Maybe we could have "cigarette butt exchanges" modelled along the lines of needle exchanges - you only get new cigs when you hand in the old butts. That'd reduce littering too. Or you could take the old French approach and make production and distribution a government monopoly - that'll make sure the fags are unattractive to the younguns and expensive and only spasmodically available to the rest.

But it's all fantasy. Firstly, in a free society people should have the right to take themselves go to hell in a handbasket if they want - the role for government then is just in making sure adults know their destination. Secondly, you'd never get most of those proposals up in Australia.

I do think it's a good general approach to treat nicotine addiction as being in the same class as other major drug addictions. There's a lot to be said for medicalising and regulating the problem, if only because it might make people think of medicalising and regulating some of those other addictions rather than just throwing users into jail.

hc said...

dd, I am inclined to agree it is ambitious but there may be more tractable ways of doing this approximately. Its a starting point for me.

And of course to be consistent your argument implies we should legalise heroin.

You could allow cigarettes to be freely sold at $20 per pack or allow them to be sold in pharmacies at $12 per pack. Addicts could access smokes from pharmacies on the basis of cotinine tests.

The proposal is equivalent to FDA attempts in the US to regulate the sale of nicotine as an addictive drug. This is an accurate description.

stop smoking tips said...

Hello Harry

Great thoughts and hope everyone understand your healthy views...vote for your opinions...

''Smoking-related diseases claim an estimated 438,000 American lives each year, including those affected indirectly, such as babies born prematurely due to prenatal maternal smoking and victims of "secondhand" exposure to tobacco's carcinogens.''

observa said...

You seem to be singling out nicotine Harry, when the negatives of alchohol addiction, or simply casual consumption are equal or worse. Then there's the illicits. Your point about minors and beginning, ill-informed and negative addictive behaviour is valid despite the protestations of libertarians. However they also have a point about informed adult behaviour and the right to alter their consciousness in any way they see fit, up to the point where it infringes the rights of others. Passive smoking is a no-brainer on that account, as is drug driving or drug working and concomitant respobsibility. Many workplaces are recognising that now with drug and alchohol testing.

That said your prescription for smokers apoplies equally to all drug consumption. We already have a stringent pharmaceutical licensing and restriction system. Simply extend it universally to 'proscribed' chemcals and licence it. Then you can either pick up your endorsed licensed drug from a pharmacy or imbibe in the new 'hotels' for the purpose. User pays for the education and licensing of adult behaviour with strong penalties for distributing to the unlicensed(includes suspended) and ill- informed, particularly minors, which we would treat as akin to paedophilia. No more crime in the distribution process or community advertising whatsoever. Then if your drug behaviour impacts socially we suspend your drug licence and treat the problem, rather than suspending your driver's licence, or sacking you immediately. Then we can have a consistent and ethical approach to minors, re all drugs, while their young bodies and minds are growing and forming. The current approach is hypocritical and unsustainable and they know it.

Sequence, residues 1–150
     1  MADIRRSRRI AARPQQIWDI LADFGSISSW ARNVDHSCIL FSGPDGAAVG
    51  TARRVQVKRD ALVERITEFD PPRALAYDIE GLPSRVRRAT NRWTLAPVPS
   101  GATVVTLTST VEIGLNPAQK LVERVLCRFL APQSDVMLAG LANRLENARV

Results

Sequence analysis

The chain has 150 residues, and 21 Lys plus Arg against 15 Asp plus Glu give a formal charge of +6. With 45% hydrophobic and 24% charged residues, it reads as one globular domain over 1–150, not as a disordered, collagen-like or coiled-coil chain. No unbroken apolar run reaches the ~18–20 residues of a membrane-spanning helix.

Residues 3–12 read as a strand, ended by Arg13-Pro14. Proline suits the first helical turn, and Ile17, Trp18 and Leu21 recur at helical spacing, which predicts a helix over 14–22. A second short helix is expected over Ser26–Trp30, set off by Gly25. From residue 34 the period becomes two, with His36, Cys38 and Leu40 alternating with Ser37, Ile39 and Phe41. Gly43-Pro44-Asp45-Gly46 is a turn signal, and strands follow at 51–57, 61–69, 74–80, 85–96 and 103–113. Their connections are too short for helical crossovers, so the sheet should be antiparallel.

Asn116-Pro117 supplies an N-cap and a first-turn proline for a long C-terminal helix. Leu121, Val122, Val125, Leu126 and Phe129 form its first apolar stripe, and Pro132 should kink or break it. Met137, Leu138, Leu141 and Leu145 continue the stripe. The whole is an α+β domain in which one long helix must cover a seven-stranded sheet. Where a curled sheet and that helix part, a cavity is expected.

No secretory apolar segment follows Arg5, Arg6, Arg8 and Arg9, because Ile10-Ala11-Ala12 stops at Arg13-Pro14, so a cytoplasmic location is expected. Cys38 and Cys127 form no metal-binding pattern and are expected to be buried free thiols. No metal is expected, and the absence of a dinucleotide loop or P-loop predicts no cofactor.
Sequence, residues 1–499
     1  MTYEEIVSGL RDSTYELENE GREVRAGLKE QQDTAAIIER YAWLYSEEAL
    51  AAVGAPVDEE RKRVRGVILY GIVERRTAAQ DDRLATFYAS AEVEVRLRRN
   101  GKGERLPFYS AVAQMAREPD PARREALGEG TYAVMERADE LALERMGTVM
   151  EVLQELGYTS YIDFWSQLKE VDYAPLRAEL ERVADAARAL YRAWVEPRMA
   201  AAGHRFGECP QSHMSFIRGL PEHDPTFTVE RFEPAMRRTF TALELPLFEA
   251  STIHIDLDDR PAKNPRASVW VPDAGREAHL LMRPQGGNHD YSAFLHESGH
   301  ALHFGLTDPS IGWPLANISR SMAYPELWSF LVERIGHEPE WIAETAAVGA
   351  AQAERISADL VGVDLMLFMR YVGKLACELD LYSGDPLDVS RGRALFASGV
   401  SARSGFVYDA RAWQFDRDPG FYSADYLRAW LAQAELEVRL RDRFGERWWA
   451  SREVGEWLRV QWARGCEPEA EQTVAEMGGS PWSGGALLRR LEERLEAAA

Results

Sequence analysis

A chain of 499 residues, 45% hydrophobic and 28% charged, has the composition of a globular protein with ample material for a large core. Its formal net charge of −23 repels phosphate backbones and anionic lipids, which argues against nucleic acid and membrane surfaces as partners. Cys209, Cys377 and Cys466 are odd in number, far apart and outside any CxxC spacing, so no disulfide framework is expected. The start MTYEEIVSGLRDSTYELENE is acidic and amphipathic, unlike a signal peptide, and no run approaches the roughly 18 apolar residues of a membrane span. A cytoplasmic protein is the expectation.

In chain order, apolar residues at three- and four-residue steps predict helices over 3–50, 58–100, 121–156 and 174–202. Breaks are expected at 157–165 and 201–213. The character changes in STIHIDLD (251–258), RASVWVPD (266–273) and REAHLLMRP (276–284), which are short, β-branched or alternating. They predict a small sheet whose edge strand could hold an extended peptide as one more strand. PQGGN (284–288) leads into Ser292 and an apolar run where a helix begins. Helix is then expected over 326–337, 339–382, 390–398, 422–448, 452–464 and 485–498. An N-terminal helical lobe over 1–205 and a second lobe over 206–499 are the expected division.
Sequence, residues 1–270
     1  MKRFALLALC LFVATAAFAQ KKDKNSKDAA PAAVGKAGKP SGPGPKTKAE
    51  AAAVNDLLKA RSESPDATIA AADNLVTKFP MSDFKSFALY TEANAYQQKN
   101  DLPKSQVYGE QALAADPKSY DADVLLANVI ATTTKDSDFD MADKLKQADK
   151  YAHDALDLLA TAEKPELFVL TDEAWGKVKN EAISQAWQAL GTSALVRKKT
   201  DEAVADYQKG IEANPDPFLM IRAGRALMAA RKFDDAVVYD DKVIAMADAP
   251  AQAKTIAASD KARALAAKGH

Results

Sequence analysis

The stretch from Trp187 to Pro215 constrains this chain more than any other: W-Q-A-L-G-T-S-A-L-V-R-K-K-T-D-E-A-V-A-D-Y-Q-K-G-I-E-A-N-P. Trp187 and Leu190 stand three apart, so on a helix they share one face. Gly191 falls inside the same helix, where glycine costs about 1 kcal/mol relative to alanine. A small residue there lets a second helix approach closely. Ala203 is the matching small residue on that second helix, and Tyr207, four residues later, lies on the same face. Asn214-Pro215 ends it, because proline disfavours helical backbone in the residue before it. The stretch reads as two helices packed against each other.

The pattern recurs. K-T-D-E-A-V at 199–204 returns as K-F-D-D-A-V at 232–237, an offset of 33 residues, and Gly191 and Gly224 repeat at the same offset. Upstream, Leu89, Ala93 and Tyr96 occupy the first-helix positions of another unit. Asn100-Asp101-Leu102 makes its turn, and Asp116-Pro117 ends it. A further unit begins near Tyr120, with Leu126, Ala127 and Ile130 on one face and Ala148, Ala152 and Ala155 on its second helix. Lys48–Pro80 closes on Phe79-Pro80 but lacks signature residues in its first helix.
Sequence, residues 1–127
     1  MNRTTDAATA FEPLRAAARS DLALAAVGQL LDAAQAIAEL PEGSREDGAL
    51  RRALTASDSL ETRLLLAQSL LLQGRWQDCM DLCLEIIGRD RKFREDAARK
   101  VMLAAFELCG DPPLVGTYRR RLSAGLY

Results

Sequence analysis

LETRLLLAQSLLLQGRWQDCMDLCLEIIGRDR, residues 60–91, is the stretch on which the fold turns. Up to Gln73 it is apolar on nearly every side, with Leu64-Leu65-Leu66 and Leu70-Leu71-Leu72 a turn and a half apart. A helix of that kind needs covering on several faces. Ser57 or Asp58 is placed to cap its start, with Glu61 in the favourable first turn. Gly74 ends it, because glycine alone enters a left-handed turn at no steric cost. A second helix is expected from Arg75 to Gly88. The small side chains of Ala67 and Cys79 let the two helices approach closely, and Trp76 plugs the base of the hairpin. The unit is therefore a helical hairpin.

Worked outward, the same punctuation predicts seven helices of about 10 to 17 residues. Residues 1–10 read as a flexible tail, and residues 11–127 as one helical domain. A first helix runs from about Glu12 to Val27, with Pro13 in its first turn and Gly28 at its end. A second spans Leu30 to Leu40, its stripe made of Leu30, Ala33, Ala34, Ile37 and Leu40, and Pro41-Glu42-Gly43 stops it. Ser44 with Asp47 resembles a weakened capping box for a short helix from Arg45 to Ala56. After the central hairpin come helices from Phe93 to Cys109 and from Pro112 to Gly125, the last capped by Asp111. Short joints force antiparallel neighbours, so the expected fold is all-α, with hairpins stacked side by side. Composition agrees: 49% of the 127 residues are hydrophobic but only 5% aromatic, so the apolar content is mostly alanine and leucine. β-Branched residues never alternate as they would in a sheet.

observa said...

I might add that licensing allows the latest in research on medical and psychological ramifications of your particular drug to be disseminated to you easily, perhaps impacting your long term behaviour. As well a swipe card(licence to purchase) summary of your consumption patterns could be accessed strictly only by your doctor, for medical treatment purposes too, although it would help in compiling necessary medical research data and staistics.

observa said...

And when you think about it we should probably add analgesics to the 'proscribed' list, for the same reasons.

Sam Ward said...

The reason Harry singles out Nicotine and not alcohol is because he doesn't smoke but does drink.

And of course, alcohol is a problem, but not for smart people like Harry Clarke who can drink responsible. It's just the rest of us rabble who need to have our drinking and smoking monitored by government smoking and drinking police.

You have gone batshit insane Harry.

hc said...

observa, I single out nicotine since it is the major preventable cause of death in developed countries these days. Deaths from illicit drugs and alcohol are trivial in relation to smoking.

The swipe card idea might also be useful for thinking about treatment and quit options. But the main idea of registration is to impress on people they are consuming a harmful addictive set of drugs.

Sarah said...

The reason Harry singles out Nicotine and not alcohol is because he doesn't smoke but does drink.